24. The GOP HATES the $1T coin idea because it circumvents there power. That’s why I think it’s most effective as a threat. Obama should have a press conference and say:

    “I’m introducing legislation to close the $1T coin loophole AND repeal the 1914 debt ceiling vote requirement. Congress should either pass this NOW or approve the debt ceiling or I’ll be forced to use other measures to meet our obligations.”

    Congress would probably just go ahead and pass the debt ceiling. They wouldn’t want to pass a bill that took their power away… even if it simultaneously closed the coin loophole. Or perhaps they would pass that bill! … They’d still have the ultimate power over spending (just not a redundant vote on it). Either case would be better than the admin just bypassing them completely and minting the coin.

  25. What i see in most of these posts is not about money it is about centralizing power in one party, then one person. csreful folks!

  26. Can someone explain me how is this coin idea different from what John
    Law did under King Luis XV?

    How fast do we forget history?

    This is serious stuff. People work hard and die over money matters.
    Eventually faith in the currency will break and it will be so sudden and unexpected with huge runaway inflation.
    Maybe that is the desired end game from our illuminati.
    Until then, charlatans will keep convincing us how the government has a money tree and we can get a free lunch.

  27. No, we’re very specific that that’s not what we’re in favor of. I’ve been very clear that I don’t think the coin should be used on a permanent basis for govt self financing.

  28. Wife and I are daily listeners to CBC radio. We were about to leave the house this am when I heard this somewhat familiar voice coming from the radio which is usually on as background noise.
    Hey, that sounds like Cullen.
    Great job and a nice fair presentation by CBC. Also nice calm discussion from Cullen. A debate may have been more informative or at least some defense of each others view but overall a quality presentation. Glad to hear about the pro mic!!!!!!!

  29. Don’t know if anyone noticed, but Stephanie Kelton was on Up with Chris Hayes yesterday discussing the coin. Thought she and Joe Wiesenthal did a good job initially hammering the solvency issue. At the very least MMT is getting some airtime, and forcing intelligent guys like Hayes to contemplate and consider the concept of money creation and debt.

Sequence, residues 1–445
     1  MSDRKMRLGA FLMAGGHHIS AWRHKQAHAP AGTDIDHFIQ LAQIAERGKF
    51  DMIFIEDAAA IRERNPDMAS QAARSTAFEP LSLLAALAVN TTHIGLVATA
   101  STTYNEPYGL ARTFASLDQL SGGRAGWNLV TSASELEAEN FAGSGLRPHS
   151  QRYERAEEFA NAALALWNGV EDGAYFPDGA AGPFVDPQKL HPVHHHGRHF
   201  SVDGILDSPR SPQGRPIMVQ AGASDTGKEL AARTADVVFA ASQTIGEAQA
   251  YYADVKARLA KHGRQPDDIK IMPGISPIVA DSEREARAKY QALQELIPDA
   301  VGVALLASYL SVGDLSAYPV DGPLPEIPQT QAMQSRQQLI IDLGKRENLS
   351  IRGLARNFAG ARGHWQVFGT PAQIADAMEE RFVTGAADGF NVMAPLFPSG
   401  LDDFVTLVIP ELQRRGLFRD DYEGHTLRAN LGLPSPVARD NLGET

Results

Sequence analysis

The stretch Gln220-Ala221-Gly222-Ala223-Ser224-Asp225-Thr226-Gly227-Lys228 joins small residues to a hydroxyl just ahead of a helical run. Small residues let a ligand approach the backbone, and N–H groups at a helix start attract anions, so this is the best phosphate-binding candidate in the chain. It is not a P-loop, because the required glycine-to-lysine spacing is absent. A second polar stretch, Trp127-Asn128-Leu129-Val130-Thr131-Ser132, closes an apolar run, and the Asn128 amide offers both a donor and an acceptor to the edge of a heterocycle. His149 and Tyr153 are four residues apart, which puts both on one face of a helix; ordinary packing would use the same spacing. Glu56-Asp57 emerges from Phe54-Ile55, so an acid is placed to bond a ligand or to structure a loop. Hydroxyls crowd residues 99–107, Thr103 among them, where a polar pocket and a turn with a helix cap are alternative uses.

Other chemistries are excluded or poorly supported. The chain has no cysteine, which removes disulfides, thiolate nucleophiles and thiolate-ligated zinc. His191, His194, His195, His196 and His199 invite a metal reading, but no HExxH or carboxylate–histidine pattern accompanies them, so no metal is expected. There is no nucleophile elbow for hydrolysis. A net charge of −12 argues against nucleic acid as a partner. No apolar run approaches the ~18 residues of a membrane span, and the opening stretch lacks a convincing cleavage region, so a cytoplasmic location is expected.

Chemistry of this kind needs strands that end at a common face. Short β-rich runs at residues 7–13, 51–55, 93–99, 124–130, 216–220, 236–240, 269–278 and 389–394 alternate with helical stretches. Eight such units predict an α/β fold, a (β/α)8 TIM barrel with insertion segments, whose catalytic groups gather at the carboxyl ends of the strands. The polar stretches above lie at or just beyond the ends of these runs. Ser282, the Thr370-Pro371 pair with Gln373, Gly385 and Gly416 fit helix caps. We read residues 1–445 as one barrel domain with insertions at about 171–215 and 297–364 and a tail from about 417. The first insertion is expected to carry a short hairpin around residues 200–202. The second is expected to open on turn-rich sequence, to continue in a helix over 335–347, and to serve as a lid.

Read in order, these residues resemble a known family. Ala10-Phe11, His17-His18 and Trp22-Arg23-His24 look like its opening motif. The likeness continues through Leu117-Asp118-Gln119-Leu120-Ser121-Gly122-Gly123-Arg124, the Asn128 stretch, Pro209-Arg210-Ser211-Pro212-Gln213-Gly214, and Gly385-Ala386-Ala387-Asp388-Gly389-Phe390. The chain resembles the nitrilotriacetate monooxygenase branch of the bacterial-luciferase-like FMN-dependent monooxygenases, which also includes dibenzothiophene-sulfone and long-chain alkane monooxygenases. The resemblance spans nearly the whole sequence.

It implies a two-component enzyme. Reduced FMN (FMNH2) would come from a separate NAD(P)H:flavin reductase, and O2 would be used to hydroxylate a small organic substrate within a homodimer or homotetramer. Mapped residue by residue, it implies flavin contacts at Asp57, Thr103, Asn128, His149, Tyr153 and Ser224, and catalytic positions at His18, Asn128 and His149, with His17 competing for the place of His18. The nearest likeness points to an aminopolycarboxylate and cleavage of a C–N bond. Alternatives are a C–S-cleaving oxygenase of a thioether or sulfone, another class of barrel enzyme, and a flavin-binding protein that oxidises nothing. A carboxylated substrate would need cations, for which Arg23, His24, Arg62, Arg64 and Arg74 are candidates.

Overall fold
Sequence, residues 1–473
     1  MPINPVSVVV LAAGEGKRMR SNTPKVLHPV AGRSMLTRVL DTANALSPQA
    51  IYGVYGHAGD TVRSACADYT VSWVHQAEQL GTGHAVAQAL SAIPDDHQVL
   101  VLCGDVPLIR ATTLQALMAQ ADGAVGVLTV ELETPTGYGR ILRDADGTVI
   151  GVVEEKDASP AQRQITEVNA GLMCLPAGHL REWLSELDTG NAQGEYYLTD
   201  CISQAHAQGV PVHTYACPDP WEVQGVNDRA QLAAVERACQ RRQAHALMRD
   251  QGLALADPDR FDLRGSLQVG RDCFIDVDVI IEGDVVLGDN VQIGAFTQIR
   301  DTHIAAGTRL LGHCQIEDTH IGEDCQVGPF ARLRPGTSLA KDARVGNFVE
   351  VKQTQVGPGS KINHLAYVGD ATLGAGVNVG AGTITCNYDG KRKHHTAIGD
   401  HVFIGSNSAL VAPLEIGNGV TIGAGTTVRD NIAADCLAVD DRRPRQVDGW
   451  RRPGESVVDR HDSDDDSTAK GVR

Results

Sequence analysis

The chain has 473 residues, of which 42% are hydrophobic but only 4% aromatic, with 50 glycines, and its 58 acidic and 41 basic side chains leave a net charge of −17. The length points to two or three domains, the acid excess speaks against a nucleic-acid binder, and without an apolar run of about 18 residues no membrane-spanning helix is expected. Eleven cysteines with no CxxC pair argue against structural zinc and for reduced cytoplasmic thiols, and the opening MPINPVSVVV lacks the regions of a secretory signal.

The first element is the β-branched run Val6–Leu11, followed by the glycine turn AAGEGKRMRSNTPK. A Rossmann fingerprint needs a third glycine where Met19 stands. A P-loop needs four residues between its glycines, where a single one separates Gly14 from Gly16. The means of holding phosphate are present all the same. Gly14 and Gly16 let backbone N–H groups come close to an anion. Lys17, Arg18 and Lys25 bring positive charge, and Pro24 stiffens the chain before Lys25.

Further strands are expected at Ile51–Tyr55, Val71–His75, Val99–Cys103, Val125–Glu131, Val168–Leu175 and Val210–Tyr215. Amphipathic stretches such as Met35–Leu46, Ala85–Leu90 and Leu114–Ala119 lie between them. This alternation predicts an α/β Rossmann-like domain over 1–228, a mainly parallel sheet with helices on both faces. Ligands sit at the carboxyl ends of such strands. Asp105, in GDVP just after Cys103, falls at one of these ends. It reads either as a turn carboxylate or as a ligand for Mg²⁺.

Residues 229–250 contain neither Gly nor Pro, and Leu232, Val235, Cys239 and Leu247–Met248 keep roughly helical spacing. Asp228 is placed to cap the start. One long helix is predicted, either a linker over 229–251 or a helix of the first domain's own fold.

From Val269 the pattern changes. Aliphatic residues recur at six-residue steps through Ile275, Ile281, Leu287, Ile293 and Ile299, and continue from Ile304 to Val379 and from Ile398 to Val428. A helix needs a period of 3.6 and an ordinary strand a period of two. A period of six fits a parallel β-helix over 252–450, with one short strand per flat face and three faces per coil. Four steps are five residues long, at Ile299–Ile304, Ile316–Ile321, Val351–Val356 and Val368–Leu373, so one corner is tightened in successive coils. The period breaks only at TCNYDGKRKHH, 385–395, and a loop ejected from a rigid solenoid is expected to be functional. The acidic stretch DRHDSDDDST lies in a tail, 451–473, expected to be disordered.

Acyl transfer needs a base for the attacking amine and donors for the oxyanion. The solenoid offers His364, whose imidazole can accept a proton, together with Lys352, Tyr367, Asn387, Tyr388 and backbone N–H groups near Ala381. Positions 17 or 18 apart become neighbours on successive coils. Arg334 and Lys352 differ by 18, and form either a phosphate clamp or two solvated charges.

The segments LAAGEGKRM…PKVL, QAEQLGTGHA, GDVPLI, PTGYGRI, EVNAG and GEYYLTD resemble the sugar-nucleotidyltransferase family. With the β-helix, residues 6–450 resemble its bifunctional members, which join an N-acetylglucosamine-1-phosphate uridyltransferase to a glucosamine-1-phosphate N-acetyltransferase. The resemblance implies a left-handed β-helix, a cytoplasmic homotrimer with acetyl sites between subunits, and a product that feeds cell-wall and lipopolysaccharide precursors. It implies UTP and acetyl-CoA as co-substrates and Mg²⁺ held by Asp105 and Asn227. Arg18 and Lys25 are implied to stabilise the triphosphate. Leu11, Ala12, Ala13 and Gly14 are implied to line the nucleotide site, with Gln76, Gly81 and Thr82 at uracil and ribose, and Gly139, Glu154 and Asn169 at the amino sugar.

Unfortunately she then went full MMT and must have sounded crazy for people who have not been exposed to these concepts before. Absolutely convinced Cullen would have done a much better job armed with MR in his pocket…

  30. It must have been terrifying for the Congressman to hear that federal government spending is not debt constrained.

  31. Cullen,

    Perhaps I didn’t interpret your statements correctly in one of last week’s articles about the debt ceiling:

    ” Do we need the debt ceiling and its current debate? You bet. In my opinion the argument over the debt ceiling does several things:

    1.It raises public awareness to the fiscal issues surrounding our economy;
    2.It exposes many of the elected officials to public scrutiny and may force them act more responsibly if they want to be re-elected.
    3.It at least ensures that there will be a discussion, although not necessarily fruitful, over the issues of spending, revenues and debt.”

    I understand how silly it is for Congress to argue about raising the debt ceiling to allow for spending they already approved. I also grasp the basics of MR.

    Help me understand your position on the debt ceiling. Keep it, or ditch it?

  32. Steve – I believe that was an article written by Lance Roberts, posted on There is a byline near the title of each article with the author’s name.

    Cullen – This phrasing was a little unclear to me (specifically, the second sentence):

    “Obviously, if the government can just mint up a coin to spend then it doesn’t have a solvency problem. BUT, even Congressman Walden understands it could be inflationary. But people have been saying this endlessly for years regarding government spending, TARP and QE. If they’re right then why is inflation still so low? Why do we look more like Japan than Weimar?

  33. Thanks. You’re right. I made the mistake of thinking that Cullen was adding his comments after Lance’s article.